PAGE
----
"Treat the Earth well. It was not given to you by your parents; it was loaned to you by your children." Native American proverb
February 25, 2010
Virginians, hold your breath
Dirty air is just fine
The EPA (under Lisa Jackson) finally seemed to understand the words “enforcement” and “regulation,” and ruled in December that they should regulate six types of greenhouse gases (including carbon dioxide and methane). However, Virginia’s Attorney General, Ken Cuccinelli, threw a monkey wrench into any initiatives to clean up Virginia’s air. He filed a petition a few weeks ago with the EPA asking the agency to reconsider its decision to regulate these gases, and filed a challenge of EPA’s decision with the D.C. federal appeals court. Texas jumped on the “No, let’s wait” bandwagon with Virginia, sounding the “it’s bad for business, the economy, and job creation” mantra.
Now I admit that our air is not as bad as it was a while back, before the EPA insisted on “cap and trade” regs to reduce sulfur dioxide. You do member acid rain, don’t you? When was the last time you saw it in the headlines? Yes, that was a clean up success story, and we might have had another one reducing carbon dioxide.
But I hate to see this issue reduced to a choice between our health and our economy. First of all, that’s not the case. And even if it was, I don’t want a new job if I’m having an asthma attack.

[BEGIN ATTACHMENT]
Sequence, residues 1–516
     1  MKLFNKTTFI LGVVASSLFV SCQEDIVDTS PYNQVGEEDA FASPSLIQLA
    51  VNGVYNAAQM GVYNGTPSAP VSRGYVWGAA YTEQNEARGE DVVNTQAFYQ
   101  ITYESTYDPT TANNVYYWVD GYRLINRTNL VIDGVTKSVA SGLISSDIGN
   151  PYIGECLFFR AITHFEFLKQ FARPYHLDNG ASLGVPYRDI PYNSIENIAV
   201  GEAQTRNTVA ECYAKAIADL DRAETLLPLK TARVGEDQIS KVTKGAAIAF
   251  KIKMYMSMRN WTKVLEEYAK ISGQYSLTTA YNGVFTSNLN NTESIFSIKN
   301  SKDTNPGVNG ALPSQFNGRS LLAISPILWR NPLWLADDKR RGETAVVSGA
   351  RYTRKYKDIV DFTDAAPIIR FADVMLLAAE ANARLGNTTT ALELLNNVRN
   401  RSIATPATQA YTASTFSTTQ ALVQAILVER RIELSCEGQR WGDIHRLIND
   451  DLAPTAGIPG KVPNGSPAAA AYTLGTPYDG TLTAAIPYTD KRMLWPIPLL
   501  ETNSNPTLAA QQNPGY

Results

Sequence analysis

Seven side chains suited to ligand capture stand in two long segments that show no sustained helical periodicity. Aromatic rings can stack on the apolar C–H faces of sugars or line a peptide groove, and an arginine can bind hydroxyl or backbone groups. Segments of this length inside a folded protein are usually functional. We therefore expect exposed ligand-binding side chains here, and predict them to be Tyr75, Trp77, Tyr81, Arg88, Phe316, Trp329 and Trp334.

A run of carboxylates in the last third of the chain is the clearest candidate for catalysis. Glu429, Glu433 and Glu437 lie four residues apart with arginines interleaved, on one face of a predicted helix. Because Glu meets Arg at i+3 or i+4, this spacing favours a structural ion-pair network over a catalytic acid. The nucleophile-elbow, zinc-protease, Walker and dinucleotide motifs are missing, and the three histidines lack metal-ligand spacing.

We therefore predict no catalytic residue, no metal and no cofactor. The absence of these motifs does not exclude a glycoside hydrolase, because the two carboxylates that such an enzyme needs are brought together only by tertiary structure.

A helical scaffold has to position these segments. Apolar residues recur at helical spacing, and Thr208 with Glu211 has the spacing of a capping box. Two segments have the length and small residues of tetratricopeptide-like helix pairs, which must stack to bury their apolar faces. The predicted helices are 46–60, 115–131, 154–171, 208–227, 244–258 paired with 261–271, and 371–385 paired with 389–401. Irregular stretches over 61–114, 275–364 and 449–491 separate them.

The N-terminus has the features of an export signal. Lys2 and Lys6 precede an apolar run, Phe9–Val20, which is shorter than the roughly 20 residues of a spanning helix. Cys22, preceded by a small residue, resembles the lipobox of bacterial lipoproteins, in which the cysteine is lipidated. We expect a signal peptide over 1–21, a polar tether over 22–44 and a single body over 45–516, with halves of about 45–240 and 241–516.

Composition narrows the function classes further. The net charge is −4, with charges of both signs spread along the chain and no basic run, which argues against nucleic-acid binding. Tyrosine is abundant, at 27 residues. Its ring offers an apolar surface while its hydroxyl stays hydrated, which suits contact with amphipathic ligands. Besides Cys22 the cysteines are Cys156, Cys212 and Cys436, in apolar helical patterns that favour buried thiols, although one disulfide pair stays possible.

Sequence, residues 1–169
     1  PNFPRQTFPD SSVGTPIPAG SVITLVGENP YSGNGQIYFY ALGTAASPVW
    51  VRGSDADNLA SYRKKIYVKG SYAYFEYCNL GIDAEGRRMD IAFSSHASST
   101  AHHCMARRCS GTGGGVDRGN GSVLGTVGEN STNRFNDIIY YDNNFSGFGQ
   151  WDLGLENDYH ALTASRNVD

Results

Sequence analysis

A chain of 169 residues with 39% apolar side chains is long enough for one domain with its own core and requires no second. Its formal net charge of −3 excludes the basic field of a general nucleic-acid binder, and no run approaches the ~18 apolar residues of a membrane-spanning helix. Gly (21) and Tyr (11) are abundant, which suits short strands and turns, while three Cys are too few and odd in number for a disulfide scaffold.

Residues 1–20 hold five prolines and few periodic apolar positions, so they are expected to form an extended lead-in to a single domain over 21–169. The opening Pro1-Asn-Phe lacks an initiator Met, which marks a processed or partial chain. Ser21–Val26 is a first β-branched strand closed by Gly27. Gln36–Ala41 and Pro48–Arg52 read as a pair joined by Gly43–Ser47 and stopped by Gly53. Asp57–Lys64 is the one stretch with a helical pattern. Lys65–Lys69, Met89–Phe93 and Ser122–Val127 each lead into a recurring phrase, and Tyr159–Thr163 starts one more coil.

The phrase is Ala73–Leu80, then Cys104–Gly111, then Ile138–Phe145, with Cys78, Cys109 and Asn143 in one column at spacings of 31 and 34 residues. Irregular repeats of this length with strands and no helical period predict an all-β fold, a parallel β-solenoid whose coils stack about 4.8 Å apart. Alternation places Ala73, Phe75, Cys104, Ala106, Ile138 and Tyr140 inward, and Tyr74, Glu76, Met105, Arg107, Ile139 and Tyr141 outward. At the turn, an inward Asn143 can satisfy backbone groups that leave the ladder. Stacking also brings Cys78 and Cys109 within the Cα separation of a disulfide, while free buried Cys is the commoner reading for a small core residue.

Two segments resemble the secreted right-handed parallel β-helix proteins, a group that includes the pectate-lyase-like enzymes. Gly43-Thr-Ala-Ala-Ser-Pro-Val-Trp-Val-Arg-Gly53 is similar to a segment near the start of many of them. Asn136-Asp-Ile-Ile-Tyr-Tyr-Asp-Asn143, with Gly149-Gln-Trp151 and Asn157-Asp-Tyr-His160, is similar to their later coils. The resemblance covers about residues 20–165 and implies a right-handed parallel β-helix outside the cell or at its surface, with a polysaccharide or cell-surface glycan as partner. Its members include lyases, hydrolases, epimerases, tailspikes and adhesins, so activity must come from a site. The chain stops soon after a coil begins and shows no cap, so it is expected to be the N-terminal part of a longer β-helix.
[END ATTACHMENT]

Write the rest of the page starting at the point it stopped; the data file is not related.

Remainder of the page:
But dear AJ Ken (and new governor, Bob McDonnell) don’t see the need to reduce our greenhouse gases and say the studies (from the International Panel on Climate Control) were erroneous. I do see an error, but it’s in Cuccinelli’s thinking. How can anyone doubt that the emissions from cars, factories, and coal plants are good for our health? How can anyone, bureaucrat or not, believe that industry will regulate itself and not worry about the bottom line?
Virginia’s Sierra Club is frothing at the mouth, but I haven’t seen much reaction from anyone else. Did everyone forget VIMS’ studies that show our Hampton Roads shorelines are vulnerable to rising seas more than anywhere in the U.S.? Or were they “faulty studies” too? Gimme a break. I’ve watched my James River lapping closer to my home during the seven years I’ve lived here, and I'm none too happy watching the coal burning power plant across the river in Surry coming closer to fruition. I was hoping that the EPA would really get serious and put the kabosh on ANY new coal plants until (and IF) clean coal really exists.
FYI: The U.S. Supreme Court ruled in 2007 that carbon dioxide and other greenhouse gases are pollutants under the Clean Air Act, and that the EPA SHALL (not might) enforce that Act. Whether you accept climate change or not is beside the point. It’s our health that also suffers if these pollutants are not regulated.
The EPA is likely to begin by addressing emissions from motor vehicles, then move on to factories and power plants. Congress needs to get involved too in developing clean energy policies, and we see how they are working so well together in a bipartisan fashion to accomplish ANYthing.
The Chamber of commerce, at the same time, is crying “Unfair to businesses,” while no one has mentioned regulating any emitters other than the BIGGIES.
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